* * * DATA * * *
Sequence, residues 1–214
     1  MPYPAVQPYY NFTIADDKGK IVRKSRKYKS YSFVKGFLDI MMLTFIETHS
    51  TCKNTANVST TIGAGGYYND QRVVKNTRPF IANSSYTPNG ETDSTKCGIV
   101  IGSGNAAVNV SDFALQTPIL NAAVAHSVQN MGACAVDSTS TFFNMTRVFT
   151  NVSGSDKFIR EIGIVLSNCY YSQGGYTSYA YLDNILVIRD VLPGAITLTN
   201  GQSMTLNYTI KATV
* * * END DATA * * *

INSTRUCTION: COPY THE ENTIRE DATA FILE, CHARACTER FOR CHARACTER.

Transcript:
Sequence, residues 1–214
     1  MPYPAVQPYY NFTIADDKGK IVRKSRKYKS YSFVKGFLDI MMLTFIETHS
    51  TCKNTANVST TIGAGGYYND QRVVKNTRPF IANSSYTPNG ETDSTKCGIV
   101  IGSGNAAVNV SDFALQTPIL NAAVAHSVQN MGACAVDSTS TFFNMTRVFT
   151  NVSGSDKFIR EIGIVLSNCY YSQGGYTSYA YLDNILVIRD VLPGAITLTN
   201  GQSMTLNYTI KATV